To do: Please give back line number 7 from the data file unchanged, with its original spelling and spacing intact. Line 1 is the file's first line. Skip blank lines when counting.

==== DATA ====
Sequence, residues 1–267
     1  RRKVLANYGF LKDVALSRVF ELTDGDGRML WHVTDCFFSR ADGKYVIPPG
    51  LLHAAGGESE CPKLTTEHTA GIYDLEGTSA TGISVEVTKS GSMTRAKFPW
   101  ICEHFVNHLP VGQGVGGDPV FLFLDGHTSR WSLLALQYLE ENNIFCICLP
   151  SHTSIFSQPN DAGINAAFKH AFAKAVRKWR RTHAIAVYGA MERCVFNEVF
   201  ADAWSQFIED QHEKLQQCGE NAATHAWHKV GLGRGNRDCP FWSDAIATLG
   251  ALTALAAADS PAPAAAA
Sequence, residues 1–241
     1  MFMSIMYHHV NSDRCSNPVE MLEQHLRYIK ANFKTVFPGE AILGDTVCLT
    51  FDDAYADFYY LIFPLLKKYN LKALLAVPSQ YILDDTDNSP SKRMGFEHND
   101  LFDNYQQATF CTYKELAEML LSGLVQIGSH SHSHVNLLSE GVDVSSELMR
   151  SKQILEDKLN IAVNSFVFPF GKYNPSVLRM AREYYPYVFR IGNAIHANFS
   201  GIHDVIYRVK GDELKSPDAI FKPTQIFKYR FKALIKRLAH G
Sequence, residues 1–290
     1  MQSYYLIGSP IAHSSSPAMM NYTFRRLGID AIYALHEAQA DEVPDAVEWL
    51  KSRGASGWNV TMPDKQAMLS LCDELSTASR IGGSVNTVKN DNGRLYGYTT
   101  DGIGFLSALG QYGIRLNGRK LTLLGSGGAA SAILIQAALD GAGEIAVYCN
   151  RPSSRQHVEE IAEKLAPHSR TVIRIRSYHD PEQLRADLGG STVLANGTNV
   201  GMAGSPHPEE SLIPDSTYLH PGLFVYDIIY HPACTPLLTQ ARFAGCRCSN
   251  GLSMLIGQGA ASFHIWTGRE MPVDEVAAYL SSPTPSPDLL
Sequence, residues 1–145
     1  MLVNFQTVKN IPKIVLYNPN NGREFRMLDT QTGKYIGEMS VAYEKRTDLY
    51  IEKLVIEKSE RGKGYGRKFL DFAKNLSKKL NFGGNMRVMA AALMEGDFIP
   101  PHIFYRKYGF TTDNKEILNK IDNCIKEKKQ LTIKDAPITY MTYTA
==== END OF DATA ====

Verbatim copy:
   251  ALTALAAADS PAPAAAA